Honestly, it looks to me like a case of different people having different personal preferences for their own lives and behavior, and each one (naturally) wanting the larger movement to represent him.

I might just be projecting my own experience with the Feminist movement onto the gay community here. But from my own experience — on a meta-strategy level — I don’t like activists who are myopic enough to say “I want my movement to affirm my choices as the right ones (and other peoples’ choices as wrong)” I’d rather fight for the idea that being part of a less-privileged group shouldn’t limit one’s choices.

I’ve talked about this with respect to feminism here and here and with respect to the gay community here.

Anyway, I don’t know if that’s what you’re talking about, but it’s potential food for discussion… 😉

6. MagicCicero - 10 July 2007

Todd, speaking as a historian and not as a prophet :), I think you’re pretty much on target with your analysis of history in academia. There is some attention paid to sociological work, social theory, etc., but we tend to be a bit blinkered, admittedly, by our focus on specific time/place questions. Interestingly, I think that same focus is probably what helped keep history from falling for the worst in postmodernism (as you mention in #3).

However, I would add a #6, which comes out of my experience as an Americanist. There has been a concerted effort among historians of different places, particularly, to reach across and look more at the interconnectedness among spatial and temporal frameworks. The buzzword these days is “transnational,” which admittedly tends to work itself out mainly as a Within History phenomenon. But I think that, conceptually anyway, it’s showing a lot of potential to spark exactly the kind of cross-disciplinary fertilization you’re encouraging (in this case, between history and the other social sciences) — in that it tends to militate against the kind of spatial/temporal exceptionalism that keeps history isolated from other fields.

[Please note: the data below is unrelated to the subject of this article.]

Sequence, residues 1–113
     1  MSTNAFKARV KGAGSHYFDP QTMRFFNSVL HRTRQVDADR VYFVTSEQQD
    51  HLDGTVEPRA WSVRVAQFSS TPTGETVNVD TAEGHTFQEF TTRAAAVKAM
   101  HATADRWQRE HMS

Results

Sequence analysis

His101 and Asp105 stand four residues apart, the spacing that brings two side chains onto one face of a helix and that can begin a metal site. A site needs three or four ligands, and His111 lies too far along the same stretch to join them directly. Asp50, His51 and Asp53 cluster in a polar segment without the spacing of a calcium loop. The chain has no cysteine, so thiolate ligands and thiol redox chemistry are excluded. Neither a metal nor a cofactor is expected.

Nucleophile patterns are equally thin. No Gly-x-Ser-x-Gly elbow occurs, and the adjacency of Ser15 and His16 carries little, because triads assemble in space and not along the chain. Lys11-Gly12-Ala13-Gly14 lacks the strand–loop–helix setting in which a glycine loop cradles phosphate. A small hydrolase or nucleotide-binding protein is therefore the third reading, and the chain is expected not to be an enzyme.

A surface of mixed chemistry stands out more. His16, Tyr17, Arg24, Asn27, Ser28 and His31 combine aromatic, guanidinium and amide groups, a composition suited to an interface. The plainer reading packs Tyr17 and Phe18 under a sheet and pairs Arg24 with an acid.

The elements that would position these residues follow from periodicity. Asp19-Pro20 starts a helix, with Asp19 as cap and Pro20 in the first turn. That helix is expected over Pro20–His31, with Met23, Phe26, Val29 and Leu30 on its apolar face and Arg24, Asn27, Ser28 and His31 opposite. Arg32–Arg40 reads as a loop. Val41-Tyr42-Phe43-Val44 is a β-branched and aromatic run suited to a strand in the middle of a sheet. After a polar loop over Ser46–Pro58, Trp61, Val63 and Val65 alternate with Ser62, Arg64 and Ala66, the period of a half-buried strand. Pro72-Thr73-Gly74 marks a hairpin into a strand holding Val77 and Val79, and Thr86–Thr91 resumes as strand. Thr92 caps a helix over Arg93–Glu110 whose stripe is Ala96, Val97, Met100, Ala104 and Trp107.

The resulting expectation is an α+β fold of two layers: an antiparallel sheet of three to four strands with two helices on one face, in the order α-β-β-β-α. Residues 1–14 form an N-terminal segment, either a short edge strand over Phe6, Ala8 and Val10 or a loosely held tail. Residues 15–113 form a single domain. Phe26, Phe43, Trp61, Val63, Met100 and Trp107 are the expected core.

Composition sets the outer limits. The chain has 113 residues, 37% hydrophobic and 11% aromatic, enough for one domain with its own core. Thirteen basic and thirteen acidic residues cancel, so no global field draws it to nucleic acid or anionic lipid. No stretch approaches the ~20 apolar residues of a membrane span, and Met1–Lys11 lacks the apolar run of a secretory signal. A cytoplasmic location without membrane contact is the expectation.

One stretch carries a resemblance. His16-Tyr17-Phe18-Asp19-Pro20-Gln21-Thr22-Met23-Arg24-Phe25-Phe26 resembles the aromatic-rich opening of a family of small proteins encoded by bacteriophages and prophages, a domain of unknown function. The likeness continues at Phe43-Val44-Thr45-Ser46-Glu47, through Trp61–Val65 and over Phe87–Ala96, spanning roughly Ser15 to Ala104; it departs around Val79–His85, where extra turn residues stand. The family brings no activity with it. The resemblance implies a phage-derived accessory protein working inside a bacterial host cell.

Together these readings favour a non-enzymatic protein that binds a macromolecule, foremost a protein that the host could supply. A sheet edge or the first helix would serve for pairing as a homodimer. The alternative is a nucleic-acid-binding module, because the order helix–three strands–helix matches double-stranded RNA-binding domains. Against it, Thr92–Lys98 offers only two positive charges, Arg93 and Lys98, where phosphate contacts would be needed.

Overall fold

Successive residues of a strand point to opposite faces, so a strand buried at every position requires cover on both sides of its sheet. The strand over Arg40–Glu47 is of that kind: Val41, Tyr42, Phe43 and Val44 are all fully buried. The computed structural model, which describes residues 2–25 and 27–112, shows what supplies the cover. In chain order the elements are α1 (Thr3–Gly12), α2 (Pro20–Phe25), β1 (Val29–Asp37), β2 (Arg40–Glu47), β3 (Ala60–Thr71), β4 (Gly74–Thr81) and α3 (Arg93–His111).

My god, did I just lapse into two paragraphs of pure, unadulterated jargon? Oy gewalt.

7. Todd O. - 10 July 2007

It wasn’t *pure* jargon. There was an mingling of common tongue, as well. lol.

Funny you mention transnationalism. In sociology, there’s a growing push for “comparative” sociology, which is both to compare across time (historical) and space (between-group). A few years ago I started studying World Systems and globalization, and it has radically changed the way I view the United States (and even the way I think about gayness in my own research, although it’s more a subtle background, not really a foregrounded idea).

The move to interconnection among humans as a whole I think is a natural evolution of our academic mindsets, when we live in a world that, for good and ill, is completely interdependent through economy, trade, politics, mass media, migration, war and violence, and global enviornmental problems.